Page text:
§ 11.13 a.m.
§ Lord BELSTEAD
My Lords, I beg leave to ask the first Question on the Order Paper standing in the name of my noble friend Lord Elton.
§ The Question was as follows:
§ To ask Her Majesty's Government whether all teachers in colleges of 1624 education who are rendered redundant following their merger with other institutions by direction of the Secretary of State will be compensated for their redundancy at a level determined by the Colleges of Education (Compensation) Regulations 1975 (S.I. 1975 No. 1092).
§ The MINISTER OF STATE, DEPARTMENT of EDUCATION and SCIENCE (Lord Donaldson of Kingsbridge)
My Lords, any teacher in a college of education who is made redundant as a result of a direction given by the Secretary of State under the Further Education Regulations 1975 may seek compensation under the Colleges of Education (Compensation) Regulations 1975. Whether or not compensation is payable in a particular case depends on the circumstances.
§ Lord BELSTEAD
My Lords, I am grateful to the noble Lord, Lord Donaldson of Kingsbridge, for that reply. Would I be right in thinking that a direction given by the Secretary of State, the words which the noble Lord has used, would include a situation where a college amalgamates with another college, and then a lecturer finds that he or she is redundant? Secondly—and this I know is something which is worrying the teaching profession—would this similarly cover the situation where a college amalgamates with another institution and subsequently, let us say two or three years later, a lecturer finds that he or she is redundant?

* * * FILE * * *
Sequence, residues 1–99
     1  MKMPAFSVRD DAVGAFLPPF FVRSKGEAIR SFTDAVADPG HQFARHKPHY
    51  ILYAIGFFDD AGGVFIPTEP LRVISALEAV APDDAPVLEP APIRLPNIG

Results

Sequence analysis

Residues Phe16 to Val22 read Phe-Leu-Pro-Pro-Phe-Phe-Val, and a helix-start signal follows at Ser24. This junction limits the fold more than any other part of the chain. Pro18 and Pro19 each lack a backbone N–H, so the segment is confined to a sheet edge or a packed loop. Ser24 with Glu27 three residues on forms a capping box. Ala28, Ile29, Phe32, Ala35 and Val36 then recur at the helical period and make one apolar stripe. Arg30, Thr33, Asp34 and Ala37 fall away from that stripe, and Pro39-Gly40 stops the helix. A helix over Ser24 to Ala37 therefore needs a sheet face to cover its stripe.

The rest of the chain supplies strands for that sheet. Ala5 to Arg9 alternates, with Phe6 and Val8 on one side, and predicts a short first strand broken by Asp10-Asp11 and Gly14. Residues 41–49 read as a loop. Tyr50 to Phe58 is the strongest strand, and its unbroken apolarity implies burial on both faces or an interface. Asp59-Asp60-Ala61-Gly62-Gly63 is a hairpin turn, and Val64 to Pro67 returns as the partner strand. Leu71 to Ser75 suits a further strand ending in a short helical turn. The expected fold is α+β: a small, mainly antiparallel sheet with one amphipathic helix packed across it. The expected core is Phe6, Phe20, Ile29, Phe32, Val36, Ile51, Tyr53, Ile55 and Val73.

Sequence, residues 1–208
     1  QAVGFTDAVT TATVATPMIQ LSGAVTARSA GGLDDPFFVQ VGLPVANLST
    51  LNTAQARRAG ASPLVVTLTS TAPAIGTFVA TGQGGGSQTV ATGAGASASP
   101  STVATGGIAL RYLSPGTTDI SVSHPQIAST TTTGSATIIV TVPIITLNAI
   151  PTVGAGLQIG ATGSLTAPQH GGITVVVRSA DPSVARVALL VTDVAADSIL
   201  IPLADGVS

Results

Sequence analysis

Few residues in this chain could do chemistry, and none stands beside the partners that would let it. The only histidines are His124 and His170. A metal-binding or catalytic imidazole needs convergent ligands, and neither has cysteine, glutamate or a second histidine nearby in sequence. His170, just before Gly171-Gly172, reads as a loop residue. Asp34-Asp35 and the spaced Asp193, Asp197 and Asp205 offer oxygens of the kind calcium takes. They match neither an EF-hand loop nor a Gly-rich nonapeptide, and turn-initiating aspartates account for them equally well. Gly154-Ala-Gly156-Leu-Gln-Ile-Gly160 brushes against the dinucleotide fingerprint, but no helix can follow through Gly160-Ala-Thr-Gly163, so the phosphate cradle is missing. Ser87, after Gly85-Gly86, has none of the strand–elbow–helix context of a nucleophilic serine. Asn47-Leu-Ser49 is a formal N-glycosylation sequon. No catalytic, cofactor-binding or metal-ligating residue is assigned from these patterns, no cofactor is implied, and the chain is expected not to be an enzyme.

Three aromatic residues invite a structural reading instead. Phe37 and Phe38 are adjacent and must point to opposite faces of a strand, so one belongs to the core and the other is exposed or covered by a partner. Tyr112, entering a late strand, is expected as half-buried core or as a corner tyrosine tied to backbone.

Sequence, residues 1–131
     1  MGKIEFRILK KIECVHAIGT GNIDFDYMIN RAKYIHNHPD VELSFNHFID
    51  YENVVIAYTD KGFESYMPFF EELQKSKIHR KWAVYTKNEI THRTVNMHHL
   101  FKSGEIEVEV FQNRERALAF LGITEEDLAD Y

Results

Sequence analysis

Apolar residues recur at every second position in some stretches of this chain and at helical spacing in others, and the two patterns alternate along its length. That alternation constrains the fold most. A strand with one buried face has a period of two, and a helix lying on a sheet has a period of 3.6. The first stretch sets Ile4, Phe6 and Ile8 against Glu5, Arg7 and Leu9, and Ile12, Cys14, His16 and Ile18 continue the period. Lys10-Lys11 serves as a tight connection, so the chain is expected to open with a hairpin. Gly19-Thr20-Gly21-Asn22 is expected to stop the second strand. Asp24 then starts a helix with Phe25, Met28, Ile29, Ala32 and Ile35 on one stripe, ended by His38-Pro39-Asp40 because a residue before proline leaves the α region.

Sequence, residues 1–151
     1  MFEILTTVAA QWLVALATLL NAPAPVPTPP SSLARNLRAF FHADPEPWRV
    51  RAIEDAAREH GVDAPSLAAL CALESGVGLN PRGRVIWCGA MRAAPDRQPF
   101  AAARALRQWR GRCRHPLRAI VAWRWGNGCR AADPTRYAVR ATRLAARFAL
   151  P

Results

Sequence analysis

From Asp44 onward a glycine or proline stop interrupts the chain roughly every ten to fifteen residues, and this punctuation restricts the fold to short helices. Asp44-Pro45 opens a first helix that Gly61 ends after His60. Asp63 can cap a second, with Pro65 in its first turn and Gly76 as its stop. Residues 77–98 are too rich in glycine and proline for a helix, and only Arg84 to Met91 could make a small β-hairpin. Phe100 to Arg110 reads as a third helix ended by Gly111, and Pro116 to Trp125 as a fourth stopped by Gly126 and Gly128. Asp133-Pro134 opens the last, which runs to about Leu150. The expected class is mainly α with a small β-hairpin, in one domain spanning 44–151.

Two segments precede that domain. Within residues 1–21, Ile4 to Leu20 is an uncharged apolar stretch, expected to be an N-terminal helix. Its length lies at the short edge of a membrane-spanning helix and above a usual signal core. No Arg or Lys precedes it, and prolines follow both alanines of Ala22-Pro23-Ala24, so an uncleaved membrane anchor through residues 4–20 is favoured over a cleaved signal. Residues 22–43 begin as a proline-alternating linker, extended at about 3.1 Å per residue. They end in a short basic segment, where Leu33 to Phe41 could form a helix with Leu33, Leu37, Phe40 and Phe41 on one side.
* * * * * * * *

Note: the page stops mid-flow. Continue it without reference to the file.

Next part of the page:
§ Lord DONALDSON of KINGSBRIDGE
My Lords, the answer to the first part of the question is, "Yes", and to the second part, "No". I think perhaps the second part needs a little explanation. The compensation is designed to deal with a change in Government policy affected by the birthrate and the lack of pupils coming forward for teaching and, therefore, the necessity to reduce the number of teachers being trained. I think this is common ground between all of us. It was thought that this was not the teachers' fault and, therefore, in so far as there is redundancy, special rather than the normal terms should be given. The view of the Government—and I think noble Lords will agree with this—is that this is all right as a result of direction of the Secretary 1625 of State's change. If the change is a normal one happening later, then it would not apply. Of course, if there were a further intervention by the Secretary of State, it would start up again under the Crombie Rules.